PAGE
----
Thursday, 22 September 2022

Shame and Hatred

A sidestep from game content today. 

A year ago I wrote about the experience so far of working full-time on games. Everything in that post still applies, but with another year under my belt I thought a little more self-reflection could be interesting. 

I've now been working on games full-time for two and a half years, with six years or so before that somewhat earnestly making games in my spare time. It's been a good year, so I'm pretty confident saying that I can keep doing this for now.

I hold up Honesty and Authenticity as standards I expect from myself and from others. In short, I think people should tell the truth and be themselves wherever possible. 

So let me live by those values and bare my shame and hatred for all to see. 

SHAME - The Backburner

I keep most of my work notes on a Trello board. Among others there's a list of Live Ideas and the Backburner.

 


Now it's easy to imagine Backburner as a euphemism for Bin but it's really not. Maybe one or two of them are getting close to rubbish, but the rest all have ideas that I revisit now and then.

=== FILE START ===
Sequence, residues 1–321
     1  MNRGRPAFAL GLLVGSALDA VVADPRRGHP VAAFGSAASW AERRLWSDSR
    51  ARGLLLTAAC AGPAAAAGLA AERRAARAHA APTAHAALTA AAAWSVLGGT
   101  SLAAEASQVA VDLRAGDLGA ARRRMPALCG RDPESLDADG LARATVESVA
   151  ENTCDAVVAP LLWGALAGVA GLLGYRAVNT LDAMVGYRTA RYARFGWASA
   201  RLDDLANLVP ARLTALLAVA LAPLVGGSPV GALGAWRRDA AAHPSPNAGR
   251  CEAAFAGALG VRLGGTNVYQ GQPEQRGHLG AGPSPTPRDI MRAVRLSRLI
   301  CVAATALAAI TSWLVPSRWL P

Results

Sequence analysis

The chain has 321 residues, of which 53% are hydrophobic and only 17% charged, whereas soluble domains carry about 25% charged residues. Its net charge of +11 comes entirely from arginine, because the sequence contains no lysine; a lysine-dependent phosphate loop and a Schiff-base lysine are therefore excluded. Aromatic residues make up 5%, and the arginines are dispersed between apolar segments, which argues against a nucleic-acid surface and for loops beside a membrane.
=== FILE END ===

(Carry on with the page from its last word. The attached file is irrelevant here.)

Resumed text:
They vary from highly fleshed out (Blighters, Space & Solitude) to barely more than a vague idea (BACK ON THE MENU, Battle for Bastion). 

It would be easy to look at this list, add up the hours I've spent thinking about them, writing, rewriting, testing, and cost it up as a business loss. I've certainly felt that way at times.

But I no longer fear it. The backburner serves a purpose. Ideas can be repurposed, mechanics stolen, and some projects may rise to the Live Projects board again. 

The Doomed started as GRIMLITE, which I never expected to be played by anybody but me, and pretty soon I'll have some news on the exciting future of that game.

The backburner is not a thing of shame. It is a thing of pride. 

HATRED - Twitter

I hate it. 

I hate the type of conversation that it encourages. I hate the way it makes people perform, people who don't perform that way elsewhere. I hate that it makes me think about people I shouldn't be giving headspace to. I hate that it feels like it's become the online hub of RPGs. 

Most of all I hate that I hate it. I know others feel the same, but it also feels like the problems above have a direct wire into my brain. I should be able to rise above them, but I can't. 

If I just had a personal account I'd be long gone, but doing so would be a business decision now, so I'm still there, or rather Bastionland Press is still there. 

I unfollowed everybody a while back, so I essentially have no timeline to scroll through. This helped. 

There are a handful of people I enjoy keeping up with, so I manually visit their timelines now and then, like how I used to know the phone numbers of my best friends. 

Unfortunately there are other people my brain won't let me forget, so I sometimes find myself checking in on them. Are they posting something terrible? Are they arguing with somebody about something ridiculous? Are they just yelling out for attention? I don't know why I can't ignore them, but I said this post was about honesty didn't I?

At least I'm good at not publicly engaging with that side of things.